“Depression: Can’t Lose Another One”
By Dr. Stephanie Johnson, DACM, L.Ac.
*This article includes topics such as depression, self-harm and suicide.
Spring time is often a time where people relish in blossoms, long days, more sunshine, and a chance to get outside. For many, it is a positive, fresh start, but for others who are suffering with mental illness, the upward, rising energy of the Spring can create overwhelm.
Recently a new patient shared, “I don’t know if I want to stay here…on Earth. It’s all too much.” While we are trained to guide someone through the process and connect with resources, family or friends can feel momentarily frozen, breathless, pausing to consider how to best offer support. It can make your heart break seeing someone in distress and pain.
“I came to Dr. Stephanie and Darren in debilitating pain that intensified my depression to the point where I didn’t want to live. I was in pretty bad shape. I felt lost and hopeless after my wife unexpectedly up and left me. I was devastated.” - Daniel
Here’s Daniel’s story: In 2021 at age 46, he had a road bike accident that resulted in a concussion and a fractured spine that didn’t properly heal. After surgery, Daniel started spiraling downward with increased symptoms of depression. Several months after the accident, his wife left him. He experienced some of his bleakest moments after his marriage collapsed.
“I felt the darkness overtaking my spirit. It was suffocating and smothered any hope I had. Honestly, I doubted I’d make it through this ordeal alive.”
At Daniel’s first acupuncture appointment, he shared he’d finally reached out because faking it was no longer an option. His rawness with others was inescapable, causing problems at work and with his kids. He noticed daily he was on the brink of either exploding or internally imploding. Daniel’s breaking point finally arrived when his body was inflamed with indescribable pain that we were able to attribute to him stuffing down, unresolved, raging emotions, and having a wounded, broken heart.
“I had no idea acupuncture could help with BOTH my depression and chronic pain. I’m thankful I took those first steps and sought help. My pain is less and I see glimpses of my old self.”
Our passion for helping others with mental health challenges find peace and balance is very personal. Sadly, we’ve lost many family members and friends to suicide… Uncle Doug, Joshua, Tim, Michael, and my “little” brother, Nathan.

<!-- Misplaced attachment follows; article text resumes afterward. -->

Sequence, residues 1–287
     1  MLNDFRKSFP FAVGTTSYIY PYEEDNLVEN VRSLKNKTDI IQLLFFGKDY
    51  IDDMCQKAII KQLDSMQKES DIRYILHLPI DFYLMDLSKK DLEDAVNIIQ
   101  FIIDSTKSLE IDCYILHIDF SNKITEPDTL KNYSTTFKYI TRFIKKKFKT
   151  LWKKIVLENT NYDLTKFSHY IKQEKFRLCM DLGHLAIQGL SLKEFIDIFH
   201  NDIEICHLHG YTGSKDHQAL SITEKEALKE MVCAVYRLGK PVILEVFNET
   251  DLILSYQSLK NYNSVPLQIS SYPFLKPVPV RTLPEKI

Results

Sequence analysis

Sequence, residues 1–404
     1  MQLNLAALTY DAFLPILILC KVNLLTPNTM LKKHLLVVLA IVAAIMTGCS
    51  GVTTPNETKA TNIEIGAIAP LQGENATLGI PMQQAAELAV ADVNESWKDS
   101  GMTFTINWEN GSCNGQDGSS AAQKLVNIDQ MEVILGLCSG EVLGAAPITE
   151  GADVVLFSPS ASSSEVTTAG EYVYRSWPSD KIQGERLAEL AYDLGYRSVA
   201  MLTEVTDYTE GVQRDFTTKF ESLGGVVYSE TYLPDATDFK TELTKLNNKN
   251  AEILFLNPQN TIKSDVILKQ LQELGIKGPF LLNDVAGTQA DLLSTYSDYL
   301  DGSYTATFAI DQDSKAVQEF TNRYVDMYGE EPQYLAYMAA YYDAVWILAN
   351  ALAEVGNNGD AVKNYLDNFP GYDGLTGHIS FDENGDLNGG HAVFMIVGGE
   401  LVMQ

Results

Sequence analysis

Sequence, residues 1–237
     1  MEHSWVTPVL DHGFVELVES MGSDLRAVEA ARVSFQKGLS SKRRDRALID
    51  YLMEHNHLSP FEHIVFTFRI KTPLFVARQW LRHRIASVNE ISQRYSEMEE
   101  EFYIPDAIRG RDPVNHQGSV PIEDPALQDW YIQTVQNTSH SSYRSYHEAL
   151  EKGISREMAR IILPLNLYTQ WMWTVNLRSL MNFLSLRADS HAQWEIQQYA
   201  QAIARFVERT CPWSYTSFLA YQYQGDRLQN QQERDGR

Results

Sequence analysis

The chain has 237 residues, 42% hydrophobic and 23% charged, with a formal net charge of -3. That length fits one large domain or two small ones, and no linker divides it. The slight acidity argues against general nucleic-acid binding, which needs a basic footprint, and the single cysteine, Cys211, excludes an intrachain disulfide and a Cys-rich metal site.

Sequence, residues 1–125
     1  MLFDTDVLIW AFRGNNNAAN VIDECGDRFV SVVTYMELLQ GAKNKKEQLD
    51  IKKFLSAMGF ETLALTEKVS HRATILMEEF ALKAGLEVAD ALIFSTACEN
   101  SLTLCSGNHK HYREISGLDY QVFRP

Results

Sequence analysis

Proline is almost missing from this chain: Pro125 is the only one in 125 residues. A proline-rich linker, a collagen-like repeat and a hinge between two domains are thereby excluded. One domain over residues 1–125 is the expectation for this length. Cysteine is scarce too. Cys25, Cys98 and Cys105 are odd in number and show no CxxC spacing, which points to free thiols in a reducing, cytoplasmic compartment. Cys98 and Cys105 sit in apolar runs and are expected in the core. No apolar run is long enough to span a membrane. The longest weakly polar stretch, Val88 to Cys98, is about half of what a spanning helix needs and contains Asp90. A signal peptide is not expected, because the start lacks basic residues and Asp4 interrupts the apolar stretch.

We can’t lose another one. Contrary to popular belief, suicide rates dramatically increase in the spring (April, May and June), not the winter months, with it reaching the lowest in December. Generalizing mental health is a mistake. It’s important to consider the multiple factors contributing to higher rates of mental health. Women typically have been misdiagnosed with depression, then have critical health issues dismissed. While men’s health has focused on physical issues, at the cost to their mental and emotional health.
Thankfully, society is beginning to listen and change the narrative around mental health. Depression is brutal, especially when left untreated. Seeking treatment and care is essential for long-term prognosis. Harvard Medical School research shows depression is more complex and caused by several factors: chemical imbalance(s), mood dysregulation, genetic vulnerability, and stressful life events. While the chemicals in the brain are a key aspect contributing to depression, the interconnectedness of these other factors play an important role. This mixture can lead to various symptoms presenting, such as intense emotions, anxiety, insomnia, or self-harm.
Acupuncture provides a unique, novel approach to address depressive symptoms and offers a holistic solution to the mental health crisis. Incorporating a modern approach, like frequency specific microcurrent and electroacupuncture, has the potential for incredible, positive results on depression by stimulating nerve cell connections and its functionality. By inserting tiny needles into the body, acupuncture releases neurotransmitters to help restore balance and promote healing, especially with one’s emotional reactivity.
My mom always told me, “Never judge a book by its cover. You never know until you walk in another’s shoes, what they are going through.” With mental health, this statement couldn’t be more true. We’ve all seen the ‘happy’ celebrities gone much too soon.